Definitions

from Wiktionary, Creative Commons Attribution/Share-Alike License

  • n. Plural form of pedantry.

Etymologies

Sorry, no etymologies found.

Examples

  • His scorn, not all that veiled, emerges clearer by the pedantries of the rise of science of astrological Babylon — calculators, economists and such.

    The Dawn « Unknowing

  • None of his novels look particularly kindly upon his fellow man, but Lucky Jim, his first, is driven by a particularly epic disdain for the idiocies, pedantries, mindless rules and unpleasant personal habits with which humanity is cursed.

    Lucky Jim by Kingsley Amis

  • Peer Gynt was diametrically opposed in spirit to Brand, and that it made no direct attack upon social questions, the critics of the later poem have too often persisted in darkening it with their educational pedantries.

    Henrik Ibsen

  • He is one of the old standard-issue profs, burbling with shopworn pedantries and condescensions.

    A Tough Lesson In Sexual Harassment

  • Just as theological disputes impoverished and devastated Europe through the long centuries of Christendom, and reduced the benefits of its unifying influence to zero, so in Russia efficiency of organization was prevented by the pedantries of political theorists.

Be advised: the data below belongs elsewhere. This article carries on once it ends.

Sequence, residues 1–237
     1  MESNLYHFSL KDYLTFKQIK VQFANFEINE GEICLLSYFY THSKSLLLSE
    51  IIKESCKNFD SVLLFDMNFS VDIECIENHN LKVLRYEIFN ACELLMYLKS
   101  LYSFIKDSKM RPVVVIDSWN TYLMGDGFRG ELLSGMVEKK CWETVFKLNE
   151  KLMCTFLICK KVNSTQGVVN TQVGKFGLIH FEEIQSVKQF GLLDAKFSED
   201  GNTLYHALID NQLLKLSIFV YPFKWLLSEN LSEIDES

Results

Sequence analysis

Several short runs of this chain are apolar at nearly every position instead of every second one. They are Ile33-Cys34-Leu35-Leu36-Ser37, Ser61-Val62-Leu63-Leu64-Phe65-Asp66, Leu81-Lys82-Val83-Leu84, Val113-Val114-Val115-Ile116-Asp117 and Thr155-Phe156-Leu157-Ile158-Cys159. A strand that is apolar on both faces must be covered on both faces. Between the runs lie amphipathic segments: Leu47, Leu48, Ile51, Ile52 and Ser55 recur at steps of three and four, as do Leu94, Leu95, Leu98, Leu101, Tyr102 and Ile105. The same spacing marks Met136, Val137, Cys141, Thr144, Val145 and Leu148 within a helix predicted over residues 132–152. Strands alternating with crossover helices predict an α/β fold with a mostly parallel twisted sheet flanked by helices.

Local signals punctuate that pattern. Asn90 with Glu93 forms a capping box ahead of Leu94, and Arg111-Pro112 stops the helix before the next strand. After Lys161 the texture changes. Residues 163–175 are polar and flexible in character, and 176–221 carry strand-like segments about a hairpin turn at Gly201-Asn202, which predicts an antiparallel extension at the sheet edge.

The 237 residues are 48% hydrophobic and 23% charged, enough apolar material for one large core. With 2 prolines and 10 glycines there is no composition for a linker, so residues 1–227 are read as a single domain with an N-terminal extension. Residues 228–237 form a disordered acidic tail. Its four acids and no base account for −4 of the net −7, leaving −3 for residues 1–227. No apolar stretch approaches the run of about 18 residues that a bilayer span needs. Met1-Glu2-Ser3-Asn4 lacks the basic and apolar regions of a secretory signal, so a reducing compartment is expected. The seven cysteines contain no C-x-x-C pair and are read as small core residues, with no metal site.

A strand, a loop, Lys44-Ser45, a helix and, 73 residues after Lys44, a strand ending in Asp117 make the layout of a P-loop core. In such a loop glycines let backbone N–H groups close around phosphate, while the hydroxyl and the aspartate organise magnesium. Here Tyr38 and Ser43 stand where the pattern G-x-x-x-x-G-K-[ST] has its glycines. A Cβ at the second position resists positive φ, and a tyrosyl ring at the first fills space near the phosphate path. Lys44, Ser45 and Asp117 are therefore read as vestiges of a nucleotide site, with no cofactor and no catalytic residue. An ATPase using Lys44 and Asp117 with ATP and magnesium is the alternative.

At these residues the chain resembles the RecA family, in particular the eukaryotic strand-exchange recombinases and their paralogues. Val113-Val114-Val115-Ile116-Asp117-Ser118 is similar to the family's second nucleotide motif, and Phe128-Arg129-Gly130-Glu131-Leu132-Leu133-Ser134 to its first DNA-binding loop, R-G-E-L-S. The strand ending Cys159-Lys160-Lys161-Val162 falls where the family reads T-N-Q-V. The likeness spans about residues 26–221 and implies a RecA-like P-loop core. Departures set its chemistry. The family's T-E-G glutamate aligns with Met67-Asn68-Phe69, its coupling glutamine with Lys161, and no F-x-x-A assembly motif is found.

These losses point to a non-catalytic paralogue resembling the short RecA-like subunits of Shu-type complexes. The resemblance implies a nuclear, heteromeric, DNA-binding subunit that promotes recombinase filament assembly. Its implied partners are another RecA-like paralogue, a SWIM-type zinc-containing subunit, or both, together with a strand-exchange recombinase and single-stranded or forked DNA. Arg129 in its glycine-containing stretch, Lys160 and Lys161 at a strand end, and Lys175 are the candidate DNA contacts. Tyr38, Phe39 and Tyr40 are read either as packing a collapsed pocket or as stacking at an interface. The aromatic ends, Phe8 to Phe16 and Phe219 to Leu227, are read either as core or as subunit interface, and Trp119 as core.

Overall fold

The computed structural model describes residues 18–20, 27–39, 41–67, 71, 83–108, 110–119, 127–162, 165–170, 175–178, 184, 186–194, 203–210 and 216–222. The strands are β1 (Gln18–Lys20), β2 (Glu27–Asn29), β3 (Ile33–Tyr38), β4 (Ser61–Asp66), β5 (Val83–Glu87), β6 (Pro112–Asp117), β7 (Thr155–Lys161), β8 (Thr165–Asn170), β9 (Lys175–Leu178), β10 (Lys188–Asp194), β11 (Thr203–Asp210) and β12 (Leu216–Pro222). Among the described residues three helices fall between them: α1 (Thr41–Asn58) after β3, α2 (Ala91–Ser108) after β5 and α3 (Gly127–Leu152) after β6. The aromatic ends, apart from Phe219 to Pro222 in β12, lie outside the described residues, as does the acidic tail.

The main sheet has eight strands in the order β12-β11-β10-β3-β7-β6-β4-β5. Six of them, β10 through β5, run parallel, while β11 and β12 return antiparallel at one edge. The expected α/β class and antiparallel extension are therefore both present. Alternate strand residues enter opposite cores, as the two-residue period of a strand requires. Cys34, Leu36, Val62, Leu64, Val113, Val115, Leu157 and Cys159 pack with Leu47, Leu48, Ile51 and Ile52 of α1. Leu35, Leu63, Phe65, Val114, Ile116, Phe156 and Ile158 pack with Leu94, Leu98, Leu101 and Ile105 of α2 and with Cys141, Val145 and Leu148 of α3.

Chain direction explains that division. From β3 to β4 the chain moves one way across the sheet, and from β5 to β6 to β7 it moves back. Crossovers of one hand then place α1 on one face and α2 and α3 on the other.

The Shape of Things to Come

  • Even if a positive note was there in the scripted introductions, when the programme got going and people started to talk spontaneously, Julian Fellowes' personal pedantries - good-humoured, but reflecting the complaints tradition - coloured the conversation, and hardly any of the panellists over 30 of them took him to task.

    On minding 'Never Mind the Fullstops'

  • The remainder was — the vicar would clearly understand — one of those ridiculous pedantries of law, upon which our system of crotchets and fictions insisted.

    Wylder's Hand

  • And he means that; the assertion that Caesar was also 'so naturally barbarian' and all the archaisms, the little pedantries which pepper the play, prove to be stage props, serving to show off the author's knowledge of the antique without seriously impinging upon the argument.

    Et tu, Teddy White

  • He apparently took keen pleasure in holding up to ridicule and in satirising, what he was pleased to call his ponderous pedantries, his solemn affectation of profundity and wisdom, his narrow-mindedness, and his intolerable and transparent egotism.

    A Political History of the State of New York, Volumes 1-3

  • Strange pedantries have grown out of the neglect of music as a practical pervading element in modern education.

    The Continental Monthly, Vol. 5, No. 1, January, 1864

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